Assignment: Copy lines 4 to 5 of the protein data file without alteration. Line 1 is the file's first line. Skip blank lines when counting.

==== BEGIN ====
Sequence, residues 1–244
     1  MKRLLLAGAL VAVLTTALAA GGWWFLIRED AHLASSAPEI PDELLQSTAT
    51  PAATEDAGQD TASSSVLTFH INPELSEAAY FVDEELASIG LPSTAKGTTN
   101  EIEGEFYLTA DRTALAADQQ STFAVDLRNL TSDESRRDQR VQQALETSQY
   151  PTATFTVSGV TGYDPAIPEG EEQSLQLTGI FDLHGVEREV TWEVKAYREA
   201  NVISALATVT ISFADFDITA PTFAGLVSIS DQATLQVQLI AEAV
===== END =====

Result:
   101  EIEGEFYLTA DRTALAADQQ STFAVDLRNL TSDESRRDQR VQQALETSQY
   151  PTATFTVSGV TGYDPAIPEG EEQSLQLTGI FDLHGVEREV TWEVKAYREA